Antibiotic treatments against lung infections by the bacteria Mycobacterium abscessus can improve the outcome of patients with bronchiectasis, according to a new study.
The case study “Eradication Of Mycobacterium Abscessus Pulmonary Infection In A Child With Idiopathic Bronchiectasis” was published in the journal Global Pediatric Health.
Mycobacterium abscessus is greatly associated with lung infection among patients with bronchiectasis, and is an important cause of morbidity among this patient population.
In the study, researchers reported the case of an 8-year-old girl who was treated for an Mycobacterium abscessus infection and improved her bronchiectasis.
The patient had persistent asthma since she was 4 and a history of respiratory infections, including six to eight episodes of bronchitis treated with antibiotics every year, two episodes of pneumonia and a diagnosis of sinusitis. When the child was admitted to the hospital, she presented a persistent daily cough, which was worse in the morning, after exercise and after exposure to smoke. Lung examinations revealed crackles and wheeze sounds as she breathed.
Doctors performed several medical tests and analyses to dismiss the existence of cystic fibrosis, a genetic lung disease closely associated with persistent lung infections. Genetic tests were normal, dismissing the existence of cystic fibrosis. The patient’s spirometry (a measure of lung function) was normal. A chest CT scan suggested the presence of an atypical lung infection and the onset of pneumonia.
Analysis of the bronchoalveolar lavage (the fluid present in the lungs’ bronchi) revealed the presence of the bacteria Streptococcus pneumoniae and M. abscessus. The patient was then administered the antibiotics amoxicillin and clavulanate for 21 days, after which she had less cough and sputum production; an improvement in her lung function also was observed.
However, in the following months, the girl’s respiratory symptoms worsened, the cough returned and her lung function declined. The patient was treated for 14 days with intravenous clindamycin and piperacillin-tazobactam antibiotics for persistent pneumococcal infection. After the treatment, her lung function improved again and there was no sign of bacterial or fungal infections.
One month later, the patient was readmitted to the hospital with a bronchiectasis exacerbation with fever, vomit, increased cough, sputum production, and a declining lung function. She also had infection by M. abscessus. The patient was then given a triple antibiotic therapy, composed of daily intravenous tigecycline (50 mg), daily oral azithromycin (250 mg), and twice-daily inhaled tobramycin (300 mg). The treatment improved the patient’s symptoms and her lung function. The girl was sent home to continue her triple antibiotic therapy for the following months.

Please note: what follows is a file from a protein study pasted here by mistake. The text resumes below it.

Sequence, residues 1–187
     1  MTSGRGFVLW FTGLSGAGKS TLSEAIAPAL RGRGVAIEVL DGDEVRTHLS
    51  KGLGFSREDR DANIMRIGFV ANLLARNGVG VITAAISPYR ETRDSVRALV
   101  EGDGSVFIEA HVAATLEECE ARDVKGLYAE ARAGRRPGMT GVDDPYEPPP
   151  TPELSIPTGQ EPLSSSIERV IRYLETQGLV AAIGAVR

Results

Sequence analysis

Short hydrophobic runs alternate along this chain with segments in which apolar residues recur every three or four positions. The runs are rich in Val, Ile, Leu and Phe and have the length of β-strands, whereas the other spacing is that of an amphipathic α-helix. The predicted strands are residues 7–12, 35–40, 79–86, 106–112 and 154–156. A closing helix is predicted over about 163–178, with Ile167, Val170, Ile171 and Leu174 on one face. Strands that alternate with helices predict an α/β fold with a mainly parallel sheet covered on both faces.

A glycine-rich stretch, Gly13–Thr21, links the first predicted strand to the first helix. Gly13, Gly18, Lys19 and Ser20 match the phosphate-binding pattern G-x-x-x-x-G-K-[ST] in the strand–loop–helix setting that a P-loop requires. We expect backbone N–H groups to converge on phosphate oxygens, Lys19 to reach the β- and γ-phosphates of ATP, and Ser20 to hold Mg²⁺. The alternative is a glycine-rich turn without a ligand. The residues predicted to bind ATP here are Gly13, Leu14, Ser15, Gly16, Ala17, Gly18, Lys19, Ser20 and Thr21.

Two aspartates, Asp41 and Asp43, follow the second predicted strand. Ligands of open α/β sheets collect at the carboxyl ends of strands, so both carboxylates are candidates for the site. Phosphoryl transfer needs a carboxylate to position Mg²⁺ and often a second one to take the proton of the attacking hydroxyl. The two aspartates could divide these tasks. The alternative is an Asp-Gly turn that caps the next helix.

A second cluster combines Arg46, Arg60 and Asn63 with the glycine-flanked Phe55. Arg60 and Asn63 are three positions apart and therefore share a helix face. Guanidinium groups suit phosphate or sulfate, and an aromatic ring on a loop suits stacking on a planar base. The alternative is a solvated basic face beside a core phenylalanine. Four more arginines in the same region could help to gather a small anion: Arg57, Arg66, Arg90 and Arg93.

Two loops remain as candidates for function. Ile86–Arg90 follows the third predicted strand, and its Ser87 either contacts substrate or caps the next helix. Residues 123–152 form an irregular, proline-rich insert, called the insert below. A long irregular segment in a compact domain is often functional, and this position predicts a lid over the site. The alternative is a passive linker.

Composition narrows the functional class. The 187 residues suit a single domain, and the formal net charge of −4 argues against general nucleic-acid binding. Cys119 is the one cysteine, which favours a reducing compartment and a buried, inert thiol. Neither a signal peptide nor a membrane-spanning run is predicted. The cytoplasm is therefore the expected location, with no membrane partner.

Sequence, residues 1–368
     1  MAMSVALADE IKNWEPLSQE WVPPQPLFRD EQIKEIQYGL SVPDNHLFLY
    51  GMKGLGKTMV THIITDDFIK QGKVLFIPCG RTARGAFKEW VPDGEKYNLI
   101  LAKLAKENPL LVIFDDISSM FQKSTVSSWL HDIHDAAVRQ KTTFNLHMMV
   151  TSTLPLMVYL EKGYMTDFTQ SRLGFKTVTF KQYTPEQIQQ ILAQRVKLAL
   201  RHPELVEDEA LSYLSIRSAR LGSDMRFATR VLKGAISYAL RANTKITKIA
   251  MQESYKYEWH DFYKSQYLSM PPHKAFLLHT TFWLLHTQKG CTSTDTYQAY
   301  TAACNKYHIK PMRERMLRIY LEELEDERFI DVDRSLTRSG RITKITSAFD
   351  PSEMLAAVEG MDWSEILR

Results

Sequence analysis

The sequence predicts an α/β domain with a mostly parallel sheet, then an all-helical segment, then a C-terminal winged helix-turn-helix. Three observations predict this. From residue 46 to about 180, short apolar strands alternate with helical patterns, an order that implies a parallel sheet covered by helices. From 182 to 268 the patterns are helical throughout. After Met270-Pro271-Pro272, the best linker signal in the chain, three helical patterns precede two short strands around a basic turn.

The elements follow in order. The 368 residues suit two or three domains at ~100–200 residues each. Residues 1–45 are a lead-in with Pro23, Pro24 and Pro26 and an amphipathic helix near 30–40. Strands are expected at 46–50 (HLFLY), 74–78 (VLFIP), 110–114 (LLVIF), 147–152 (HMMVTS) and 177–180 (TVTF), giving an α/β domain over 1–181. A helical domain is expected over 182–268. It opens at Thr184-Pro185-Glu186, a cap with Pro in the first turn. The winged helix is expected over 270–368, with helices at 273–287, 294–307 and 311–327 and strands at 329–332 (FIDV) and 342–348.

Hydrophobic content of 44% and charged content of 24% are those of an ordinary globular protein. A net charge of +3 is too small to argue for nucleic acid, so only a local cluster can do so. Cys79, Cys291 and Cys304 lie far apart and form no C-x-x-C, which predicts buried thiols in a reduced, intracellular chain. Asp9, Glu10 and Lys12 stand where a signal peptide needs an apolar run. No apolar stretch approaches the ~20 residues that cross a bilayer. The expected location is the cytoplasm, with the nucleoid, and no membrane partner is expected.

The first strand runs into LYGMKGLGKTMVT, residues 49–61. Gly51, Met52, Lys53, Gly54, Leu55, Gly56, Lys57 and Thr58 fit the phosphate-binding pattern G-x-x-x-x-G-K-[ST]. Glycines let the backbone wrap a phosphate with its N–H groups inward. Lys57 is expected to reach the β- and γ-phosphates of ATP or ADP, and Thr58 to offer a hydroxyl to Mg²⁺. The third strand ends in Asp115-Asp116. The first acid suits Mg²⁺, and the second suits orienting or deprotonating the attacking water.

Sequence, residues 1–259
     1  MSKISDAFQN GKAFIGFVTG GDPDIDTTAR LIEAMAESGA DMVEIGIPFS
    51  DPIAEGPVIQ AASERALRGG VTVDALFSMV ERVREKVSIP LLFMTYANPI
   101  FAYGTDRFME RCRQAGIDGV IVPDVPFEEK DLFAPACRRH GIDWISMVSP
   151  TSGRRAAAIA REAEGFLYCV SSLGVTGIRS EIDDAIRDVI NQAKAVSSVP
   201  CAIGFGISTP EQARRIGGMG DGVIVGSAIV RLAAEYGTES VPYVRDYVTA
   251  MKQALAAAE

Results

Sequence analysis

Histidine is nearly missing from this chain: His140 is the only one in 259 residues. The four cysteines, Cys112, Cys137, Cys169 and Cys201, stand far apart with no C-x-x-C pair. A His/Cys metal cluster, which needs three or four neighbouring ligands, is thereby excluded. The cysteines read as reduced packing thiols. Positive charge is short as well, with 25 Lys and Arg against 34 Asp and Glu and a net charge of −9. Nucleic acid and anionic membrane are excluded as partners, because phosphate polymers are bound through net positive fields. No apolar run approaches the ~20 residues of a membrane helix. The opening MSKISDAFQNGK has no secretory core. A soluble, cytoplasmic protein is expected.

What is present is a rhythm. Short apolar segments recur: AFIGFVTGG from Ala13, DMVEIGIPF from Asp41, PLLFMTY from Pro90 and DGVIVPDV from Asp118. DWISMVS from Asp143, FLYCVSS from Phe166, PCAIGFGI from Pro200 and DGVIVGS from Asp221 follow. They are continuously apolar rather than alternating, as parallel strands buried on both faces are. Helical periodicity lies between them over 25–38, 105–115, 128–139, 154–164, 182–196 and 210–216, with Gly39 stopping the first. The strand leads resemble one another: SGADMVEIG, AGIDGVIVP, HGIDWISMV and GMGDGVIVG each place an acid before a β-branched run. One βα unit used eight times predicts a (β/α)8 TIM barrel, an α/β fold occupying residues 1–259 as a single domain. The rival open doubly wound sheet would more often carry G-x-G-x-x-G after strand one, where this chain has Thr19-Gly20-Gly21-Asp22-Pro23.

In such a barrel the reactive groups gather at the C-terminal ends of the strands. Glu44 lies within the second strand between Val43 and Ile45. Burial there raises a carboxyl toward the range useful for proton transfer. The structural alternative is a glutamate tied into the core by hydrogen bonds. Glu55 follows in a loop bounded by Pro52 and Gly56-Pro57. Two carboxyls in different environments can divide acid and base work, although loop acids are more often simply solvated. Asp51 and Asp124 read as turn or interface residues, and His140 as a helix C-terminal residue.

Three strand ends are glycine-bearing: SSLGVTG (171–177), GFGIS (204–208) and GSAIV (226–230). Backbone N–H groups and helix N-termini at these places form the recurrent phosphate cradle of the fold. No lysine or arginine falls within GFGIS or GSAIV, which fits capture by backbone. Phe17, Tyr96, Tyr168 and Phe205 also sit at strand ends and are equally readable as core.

Two months later, her lungs had significantly improved and the patient had decreased sputum production and improved lung function. She had no signs of bacterial or fungal infections. After five months, the antibiotic treatment was discontinued and she remained asymptomatic.
“Our case highlights several key points,” the authors wrote in their report. “First, in children with underlying lung pathology, particularly bronchiectasis, presenting with pulmonary exacerbations, a high index of suspicion should be maintained for atypical nontuberculous bacterial infections, including M. abscessus. Second, we present a well-tolerated, effective, novel approach to treatment of M. abscessus in a pediatric patient.”
“Finally, early identification of this pathogen allows for expeditious treatment, improved outcomes, and possible infection eradication for the pediatric patients with Mycobacterium abscessus infection,” the researchers concluded.
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